Becoming best picture
What does critical acclaim for Parasite tell us about American culture?
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Parasite received a huge box-office boost when it won the best picture Oscar on Feb. 9. It even received a one-week engagement in 214 IMAX theaters starting Feb. 21. And that’s too bad, because anyone who knows basic Marxism could predict its plot: Poor liars-for-justice outwit the bourgeoisie, who are either dumb or evil, until scorn from the rich and dissension among the proletariat bring destruction and death.
The history of Parasite’s ascent is worth remembering. Movie reviewer Paula Bernstein observed in Fortune last October, “Based on historical precedent, the odds of Parasite being nominated for a Best Picture aren’t in its favor. Only 11 foreign language films have ever been nominated for Best Picture.” But Bernstein predicted that the film’s “examination of income inequality and class rage … could make it the underdog to watch come awards time.”
She was right: Parasite not only gained nominations but won four Oscars, including the top honor. It’s good to see the pride Koreans have in one of their own winning. It’s good to see awareness of poverty problems. But what does it say about American culture that Parasite has on the Rotten Tomatoes website an approval rating of 99 percent, based on 400 reviews? Why did 52 critics gave Parasite an average Metacritic score of 96 out of 100, indicating their “universal acclaim” for “a masterful dissection of social inequality”?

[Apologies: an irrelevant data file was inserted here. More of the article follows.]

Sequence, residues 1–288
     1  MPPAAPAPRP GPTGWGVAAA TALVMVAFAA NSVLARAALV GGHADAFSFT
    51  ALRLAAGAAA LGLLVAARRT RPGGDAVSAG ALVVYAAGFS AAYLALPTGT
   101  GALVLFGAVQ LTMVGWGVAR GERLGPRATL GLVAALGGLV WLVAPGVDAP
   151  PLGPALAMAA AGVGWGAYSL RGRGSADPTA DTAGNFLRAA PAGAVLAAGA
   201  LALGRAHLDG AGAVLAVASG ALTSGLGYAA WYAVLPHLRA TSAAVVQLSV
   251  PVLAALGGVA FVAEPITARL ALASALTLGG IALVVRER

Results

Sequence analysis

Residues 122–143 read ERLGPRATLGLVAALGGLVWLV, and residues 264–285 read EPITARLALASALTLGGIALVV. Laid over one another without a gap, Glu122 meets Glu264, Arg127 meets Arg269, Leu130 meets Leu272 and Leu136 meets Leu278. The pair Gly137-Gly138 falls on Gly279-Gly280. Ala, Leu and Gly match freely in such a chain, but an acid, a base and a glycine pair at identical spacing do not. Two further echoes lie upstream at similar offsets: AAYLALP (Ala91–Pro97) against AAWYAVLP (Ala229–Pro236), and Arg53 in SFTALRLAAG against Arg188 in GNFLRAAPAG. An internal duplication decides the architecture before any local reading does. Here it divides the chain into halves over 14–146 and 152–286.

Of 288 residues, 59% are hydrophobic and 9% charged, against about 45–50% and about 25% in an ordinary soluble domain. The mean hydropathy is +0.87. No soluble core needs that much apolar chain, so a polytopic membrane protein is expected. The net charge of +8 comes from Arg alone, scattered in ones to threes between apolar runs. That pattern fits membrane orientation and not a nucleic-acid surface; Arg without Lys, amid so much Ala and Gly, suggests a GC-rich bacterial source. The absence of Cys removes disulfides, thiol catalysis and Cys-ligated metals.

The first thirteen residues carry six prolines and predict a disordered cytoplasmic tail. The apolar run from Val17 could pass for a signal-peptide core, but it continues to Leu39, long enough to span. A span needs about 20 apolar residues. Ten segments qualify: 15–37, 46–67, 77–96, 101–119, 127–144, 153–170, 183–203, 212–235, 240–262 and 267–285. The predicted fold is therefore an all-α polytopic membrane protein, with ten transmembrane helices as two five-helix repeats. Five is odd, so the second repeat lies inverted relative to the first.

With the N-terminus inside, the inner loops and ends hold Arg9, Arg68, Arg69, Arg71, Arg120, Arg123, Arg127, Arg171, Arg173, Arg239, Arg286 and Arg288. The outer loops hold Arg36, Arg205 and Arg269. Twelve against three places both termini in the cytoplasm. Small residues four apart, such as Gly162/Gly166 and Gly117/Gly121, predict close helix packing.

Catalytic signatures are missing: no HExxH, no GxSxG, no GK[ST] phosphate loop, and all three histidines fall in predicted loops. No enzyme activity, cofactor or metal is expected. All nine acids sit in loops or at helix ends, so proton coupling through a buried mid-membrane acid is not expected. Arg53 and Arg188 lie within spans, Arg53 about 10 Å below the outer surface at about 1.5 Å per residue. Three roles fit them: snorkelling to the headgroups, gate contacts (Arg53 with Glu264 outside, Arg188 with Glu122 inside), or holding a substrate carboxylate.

The one Metacritic review—from Hollywood Reporter—that gave Parasite only 70 of 100 rightly called the film “cumbersomely plotted and heavy-handed in its social commentary. … [Its] bludgeoning attacks on economic injustice have more passion than nuance.” That’s right. Parasite won despite its cumbersome plot. Correct that: Given Hollywood’s woke ideology, Parasite won because it’s heavy-handed, “a tick fat with the bitter blood of class rage,” as Variety noted.
What does it mean when our “best picture” emphasizes class rage and the murders that result? In my graduate school film classes long ago I read Siegfried Kracauer’s From Caligari to Hitler: A Psychological History of the German Film, first published in 1947. Kracauer argued that plot devices and conclusions of highly praised 1920s films offer insight into societal motivations and fantasies: Movies pushing radical change and apocalyptic climaxes softened up Germans for Hitler.
Will a future dissertation be titled, “From Parasite to Sanders”?
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